From the Law Society of Saskatchewan (LSS), through this province’s top court, to the nation’s top court, and now all the way back down to the professional body, the matters of a Saskatchewan lawyer found guilty of professional misconduct have now been kicked.
A decision dated Oct. 13 from the Saskatchewan Court of Appeal has set aside a decision to disbar Peter V. Abrametz, and put the ball back in the hands of the LSS, to rethink the fate of the lawyer they found to have been moving money in ways that broke the rules.
In January 2018, Abrametz was found guilty of four counts of professional misconduct, following an investigation that began in 2012.
First, that on seven occasions he took money from clients without having it first deposited in his firm’s account. Second, that he wrote three cheques from his trust account to a fictitious person, enabling him to receive payments “off the books.” Third, that he created records for the aforementioned transactions that didn’t accurately reflect them. And finally, that he advanced money to clients in a way that breached the LSS code of conduct, which prohibits lawyers from entering into a debtor-creditor relationship with their clients.
Roughly a year later, the LSS released a decision ordering Abrametz be disbarred with no right to reapply for admission until 2021, and also ordering him to pay $58,645.24 in legal costs.
What followed was a lengthy and complex legal saga that is not fully represented within this article.
To the Saskatchewan Court of Appeal, Abrametz appealed the LSS decisions on conviction and penalty, among others. While his convictions for misconduct were left to stand, another aspect of the case wound up in the Supreme Court of Canada, which sent matters pertaining to penalty back to this province’s top court for reconsideration.
The Saskatchewan Court of Appeal’s second look at the case, as mentioned, includes among its conclusions that the LSS should revisit its decision to disbar Abrametz.
The impugned lawyer argued that the LSS Hearing Committee made mistakes with regard to his penalty by failing to properly consider relevant mitigating factors and in imposing a sentence not consistent with those imposed for similar infractions.
Justice Brian Barrington-Foote wrote he was satisfied that the committee did make a mistake with regard to mitigating factors.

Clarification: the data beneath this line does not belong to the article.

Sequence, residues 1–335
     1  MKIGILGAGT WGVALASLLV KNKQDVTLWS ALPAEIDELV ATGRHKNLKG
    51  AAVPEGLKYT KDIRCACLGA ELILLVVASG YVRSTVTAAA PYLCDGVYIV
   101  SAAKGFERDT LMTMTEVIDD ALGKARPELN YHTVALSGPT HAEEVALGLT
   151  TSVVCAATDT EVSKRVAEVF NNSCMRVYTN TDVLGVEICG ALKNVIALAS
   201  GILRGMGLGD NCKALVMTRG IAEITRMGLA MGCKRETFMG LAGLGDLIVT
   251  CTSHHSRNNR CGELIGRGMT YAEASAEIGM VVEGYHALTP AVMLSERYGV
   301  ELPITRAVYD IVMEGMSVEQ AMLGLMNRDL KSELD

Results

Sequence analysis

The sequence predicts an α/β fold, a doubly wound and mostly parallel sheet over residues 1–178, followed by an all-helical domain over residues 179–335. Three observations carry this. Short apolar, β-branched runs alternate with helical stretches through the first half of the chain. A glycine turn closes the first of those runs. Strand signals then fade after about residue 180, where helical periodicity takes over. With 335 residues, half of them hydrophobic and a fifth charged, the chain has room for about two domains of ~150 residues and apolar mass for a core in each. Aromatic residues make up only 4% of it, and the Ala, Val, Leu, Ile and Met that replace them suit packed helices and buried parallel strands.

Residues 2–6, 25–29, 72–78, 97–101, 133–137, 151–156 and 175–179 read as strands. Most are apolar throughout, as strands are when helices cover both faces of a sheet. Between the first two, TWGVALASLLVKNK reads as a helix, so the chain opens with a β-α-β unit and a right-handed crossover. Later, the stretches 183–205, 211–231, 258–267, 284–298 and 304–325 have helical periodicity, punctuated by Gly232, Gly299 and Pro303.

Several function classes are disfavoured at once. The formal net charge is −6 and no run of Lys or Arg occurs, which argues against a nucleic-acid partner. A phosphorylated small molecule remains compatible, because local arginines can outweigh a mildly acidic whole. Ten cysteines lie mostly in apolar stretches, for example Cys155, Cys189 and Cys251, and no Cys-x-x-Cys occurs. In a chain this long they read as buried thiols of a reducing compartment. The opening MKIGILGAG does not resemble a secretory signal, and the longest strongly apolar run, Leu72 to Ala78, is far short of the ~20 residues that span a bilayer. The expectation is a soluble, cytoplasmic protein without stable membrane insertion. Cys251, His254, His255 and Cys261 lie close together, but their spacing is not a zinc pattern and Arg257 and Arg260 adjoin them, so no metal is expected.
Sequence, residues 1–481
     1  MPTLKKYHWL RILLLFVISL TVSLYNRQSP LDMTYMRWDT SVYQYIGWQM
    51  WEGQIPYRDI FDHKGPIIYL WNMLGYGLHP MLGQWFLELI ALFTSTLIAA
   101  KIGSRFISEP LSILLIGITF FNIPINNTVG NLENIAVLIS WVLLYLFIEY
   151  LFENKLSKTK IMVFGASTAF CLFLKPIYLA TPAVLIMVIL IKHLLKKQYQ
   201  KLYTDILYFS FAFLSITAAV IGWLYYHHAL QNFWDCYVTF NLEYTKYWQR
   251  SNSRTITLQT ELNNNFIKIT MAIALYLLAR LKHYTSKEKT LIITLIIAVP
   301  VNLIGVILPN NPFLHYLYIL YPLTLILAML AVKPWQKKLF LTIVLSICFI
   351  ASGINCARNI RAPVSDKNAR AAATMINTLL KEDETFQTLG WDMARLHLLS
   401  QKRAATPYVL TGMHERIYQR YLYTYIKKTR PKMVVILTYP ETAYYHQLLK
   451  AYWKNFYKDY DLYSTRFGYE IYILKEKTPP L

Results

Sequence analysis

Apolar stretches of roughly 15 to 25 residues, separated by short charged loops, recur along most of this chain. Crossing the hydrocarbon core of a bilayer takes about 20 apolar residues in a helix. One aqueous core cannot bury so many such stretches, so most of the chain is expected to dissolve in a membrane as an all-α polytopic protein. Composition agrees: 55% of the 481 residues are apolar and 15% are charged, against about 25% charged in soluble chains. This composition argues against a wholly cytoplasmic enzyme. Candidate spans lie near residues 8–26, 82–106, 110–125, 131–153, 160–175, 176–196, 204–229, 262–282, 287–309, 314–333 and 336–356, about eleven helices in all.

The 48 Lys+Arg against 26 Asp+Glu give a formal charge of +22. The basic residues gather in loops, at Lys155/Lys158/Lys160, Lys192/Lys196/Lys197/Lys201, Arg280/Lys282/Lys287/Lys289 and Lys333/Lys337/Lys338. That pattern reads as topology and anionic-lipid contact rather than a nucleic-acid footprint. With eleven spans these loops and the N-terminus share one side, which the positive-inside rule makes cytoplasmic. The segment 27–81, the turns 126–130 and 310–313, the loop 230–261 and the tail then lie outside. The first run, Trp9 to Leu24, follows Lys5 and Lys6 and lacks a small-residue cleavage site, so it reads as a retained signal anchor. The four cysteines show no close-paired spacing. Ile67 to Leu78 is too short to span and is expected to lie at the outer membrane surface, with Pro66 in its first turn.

“As a result of its narrow focus on the seriousness of the offences and the potential impact on the reputation of the profession and the LSS, the Hearing Committee failed to conduct a proper proportionality analysis,” he wrote.
As for imposing a sentence consistent with that imposed for similar sanctions, the Appeal Court judge wrote that he understands “frequently present” difficulty in this task, and added that it is “easy to understand” why the committee relied on the past cases that it did, given its focus on the “seriousness of the offences.”
Nonetheless, he decided the committee erred in this regard “as a consequence of its flawed approach to the aggravating and mitigating factors.”
However, the judge wrote: “To be clear, this should not be taken as having decided that disbarment cannot be considered as a possible sanction by the Hearing Committee when it rehears this matter.”
The decision, written by Barrington-Foote with Chief Justice Robert Leurer in concurrence, also sets aside the original LSS order that Abrametz pay the $58,645.24 in legal costs, and asks the professional body to reconsider that too, in light of what will be its new decision regarding an appropriate penalty.
Some legal costs were awarded to Abrametz, with regard to the appeal and a previous application.
Abrametz is not currently an active member of the LSS, so he cannot practice.
No hearing date has yet been set for the LSS to reconsider his matters.